Trainees at the "Connecting 1,500 Women and Girls to the Export Market" project, in Addis Ababa. (Photo: UNPhoto/Eskinder Debebe/
23 Apr 2019

Are Ethiopia’s women on their way to a more equal future?

Ethiopia’s prime minister Abyi Ahmed quickly became a symbol of progressive forces supporting women’s empowerment. Half of the ministers in his government are women. The president, the supreme court judge and the head of the election commission are now all women. But the rest of the country is not keeping up.

In April 2018 Abiy Ahmed became the new prime minister in Ethiopia. He has spread a hope of a bright future for the country. There are plenty of reasons for this hope, and some of them are that he has appointed half of the ministerial posts to women. He has also appointed a woman in the positions of president, the supreme court judge and as the head of the election commission. Have these changes in politics affected the lived lives of women in Ethiopia?

Employment – not just a positive effect on empowerment
Lovise Aalen has been following the political developments in Ethiopia since 2000 with frequent research visits to the country since then. From November 2018 till the end of January 2019 she was in Ethiopia again, in collaboration with Ethiopian Developmental Research Institute (EDRI). This stay was mainly in the capital Addis Ababa, with smaller visits to Hawassa in South-Ethiopia. She was to contribute to the research on the project  Women in the developmental state by interviewing women regarding the influence of  paid work on women’s empowerment. The survey had 1600 female participants. One half of these 1600 women were unemployed, and the other half were employed. The data are still being collected and analysed, but some preliminary results are available.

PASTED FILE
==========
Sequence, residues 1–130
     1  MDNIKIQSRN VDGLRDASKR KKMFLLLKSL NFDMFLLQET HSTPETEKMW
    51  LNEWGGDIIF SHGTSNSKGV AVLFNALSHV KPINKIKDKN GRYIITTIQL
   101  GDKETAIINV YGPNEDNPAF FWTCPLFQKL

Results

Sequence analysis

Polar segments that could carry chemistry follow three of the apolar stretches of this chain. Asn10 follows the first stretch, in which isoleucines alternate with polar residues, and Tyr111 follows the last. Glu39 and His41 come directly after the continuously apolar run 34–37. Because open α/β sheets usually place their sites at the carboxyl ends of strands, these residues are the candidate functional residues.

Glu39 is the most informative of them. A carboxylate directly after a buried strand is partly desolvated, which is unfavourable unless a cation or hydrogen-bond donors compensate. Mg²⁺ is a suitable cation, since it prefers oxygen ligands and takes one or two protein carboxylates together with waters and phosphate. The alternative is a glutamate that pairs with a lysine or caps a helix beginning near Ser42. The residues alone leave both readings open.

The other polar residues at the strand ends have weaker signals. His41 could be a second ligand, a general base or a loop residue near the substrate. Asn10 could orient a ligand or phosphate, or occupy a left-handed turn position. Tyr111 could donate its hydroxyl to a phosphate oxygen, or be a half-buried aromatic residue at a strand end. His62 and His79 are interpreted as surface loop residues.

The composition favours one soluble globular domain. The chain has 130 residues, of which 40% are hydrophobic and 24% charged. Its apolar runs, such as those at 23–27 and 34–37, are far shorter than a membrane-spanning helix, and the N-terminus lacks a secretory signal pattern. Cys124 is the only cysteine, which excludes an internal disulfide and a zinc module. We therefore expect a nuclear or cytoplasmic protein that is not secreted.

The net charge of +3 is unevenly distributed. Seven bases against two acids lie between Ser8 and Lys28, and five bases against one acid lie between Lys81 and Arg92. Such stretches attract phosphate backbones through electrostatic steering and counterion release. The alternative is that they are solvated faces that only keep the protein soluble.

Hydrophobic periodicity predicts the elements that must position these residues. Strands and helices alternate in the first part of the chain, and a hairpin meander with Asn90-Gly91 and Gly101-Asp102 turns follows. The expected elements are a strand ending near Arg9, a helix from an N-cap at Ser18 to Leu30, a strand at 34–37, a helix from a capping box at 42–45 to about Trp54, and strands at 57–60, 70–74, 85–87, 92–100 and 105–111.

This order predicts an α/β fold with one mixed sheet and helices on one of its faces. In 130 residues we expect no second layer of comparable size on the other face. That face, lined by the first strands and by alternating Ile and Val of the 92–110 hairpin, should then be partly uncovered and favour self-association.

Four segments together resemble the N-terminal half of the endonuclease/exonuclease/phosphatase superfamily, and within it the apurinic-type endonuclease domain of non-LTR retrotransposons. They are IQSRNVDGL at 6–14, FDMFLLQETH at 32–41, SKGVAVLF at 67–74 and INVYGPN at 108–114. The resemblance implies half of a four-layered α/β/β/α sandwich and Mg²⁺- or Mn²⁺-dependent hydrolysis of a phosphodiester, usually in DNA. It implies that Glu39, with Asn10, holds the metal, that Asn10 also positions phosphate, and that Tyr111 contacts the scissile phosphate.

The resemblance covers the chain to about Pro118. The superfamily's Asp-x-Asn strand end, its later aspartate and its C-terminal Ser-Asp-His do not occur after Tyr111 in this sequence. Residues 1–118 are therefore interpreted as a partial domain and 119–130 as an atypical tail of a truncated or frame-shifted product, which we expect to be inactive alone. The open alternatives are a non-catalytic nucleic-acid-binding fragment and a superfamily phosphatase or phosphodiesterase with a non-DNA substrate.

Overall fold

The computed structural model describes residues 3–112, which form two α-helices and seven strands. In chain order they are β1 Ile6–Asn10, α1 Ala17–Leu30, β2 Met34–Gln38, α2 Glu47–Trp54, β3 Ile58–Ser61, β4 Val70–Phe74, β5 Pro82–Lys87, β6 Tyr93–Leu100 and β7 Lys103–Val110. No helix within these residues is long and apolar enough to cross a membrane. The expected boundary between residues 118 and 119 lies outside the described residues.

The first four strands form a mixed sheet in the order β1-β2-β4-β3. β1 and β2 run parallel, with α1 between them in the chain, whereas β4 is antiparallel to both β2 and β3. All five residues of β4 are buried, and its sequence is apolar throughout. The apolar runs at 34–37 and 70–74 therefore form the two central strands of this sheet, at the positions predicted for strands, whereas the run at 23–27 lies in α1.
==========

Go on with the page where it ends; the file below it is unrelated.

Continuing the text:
The survey had four modules. The first module focused on the material wellbeing of the respondents.

-Our preliminary analyses show that women’s contribution to the household economy leads to a better economic and material situation for the members of the household. This in turn can lead to better access to education for more children, says Aalen.

The second module focused on the relation between work and fertility. Key questions are how being employed influences the number of children a woman has, and how it influences the number of children a woman plans to have.

-Will playing participation in the workforce lead to higher or lower fertility among women? asks Aalen. The PhD student in the project, Sandra Halvorsen, addresses this question in her thesis.

The third module focused on political participation and engagement. There is an established expectation of work leading to an increase in political engagement. In Ethiopia, on the other hand, the opposite has shown itself to be true. For women, being a part of the workforce has resulted in a decrease in political engagement, much due to the long hours spent at work and the lack of time to engage in issues outside work.